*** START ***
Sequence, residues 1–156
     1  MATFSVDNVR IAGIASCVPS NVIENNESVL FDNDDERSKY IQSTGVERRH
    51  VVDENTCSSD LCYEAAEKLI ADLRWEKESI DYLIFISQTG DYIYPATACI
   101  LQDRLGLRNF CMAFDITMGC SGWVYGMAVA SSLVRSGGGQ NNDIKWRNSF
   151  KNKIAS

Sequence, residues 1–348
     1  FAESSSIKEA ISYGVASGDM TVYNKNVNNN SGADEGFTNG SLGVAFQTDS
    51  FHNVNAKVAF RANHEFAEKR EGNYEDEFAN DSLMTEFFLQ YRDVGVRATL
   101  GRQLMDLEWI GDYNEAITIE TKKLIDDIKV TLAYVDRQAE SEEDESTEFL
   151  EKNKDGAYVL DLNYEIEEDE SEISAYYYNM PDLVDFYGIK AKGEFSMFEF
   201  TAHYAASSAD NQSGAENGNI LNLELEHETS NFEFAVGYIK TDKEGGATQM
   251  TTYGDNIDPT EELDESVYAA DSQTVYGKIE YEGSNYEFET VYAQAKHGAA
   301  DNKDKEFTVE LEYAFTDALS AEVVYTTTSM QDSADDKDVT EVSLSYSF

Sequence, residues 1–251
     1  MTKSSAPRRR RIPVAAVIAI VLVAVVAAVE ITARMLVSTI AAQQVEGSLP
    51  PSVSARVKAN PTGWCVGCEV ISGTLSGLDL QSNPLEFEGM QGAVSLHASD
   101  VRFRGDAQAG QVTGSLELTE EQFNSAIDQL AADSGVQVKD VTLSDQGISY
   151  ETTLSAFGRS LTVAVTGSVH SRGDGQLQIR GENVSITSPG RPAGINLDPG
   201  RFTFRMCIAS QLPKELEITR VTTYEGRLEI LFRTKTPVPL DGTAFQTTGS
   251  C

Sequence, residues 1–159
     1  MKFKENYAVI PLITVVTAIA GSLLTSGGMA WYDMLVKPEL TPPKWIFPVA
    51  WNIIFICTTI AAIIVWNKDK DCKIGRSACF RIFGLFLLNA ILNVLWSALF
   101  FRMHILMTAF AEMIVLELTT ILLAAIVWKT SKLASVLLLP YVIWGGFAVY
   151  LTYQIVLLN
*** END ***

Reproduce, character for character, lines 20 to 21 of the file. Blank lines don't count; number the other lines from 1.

   251  C

Sequence, residues 1–159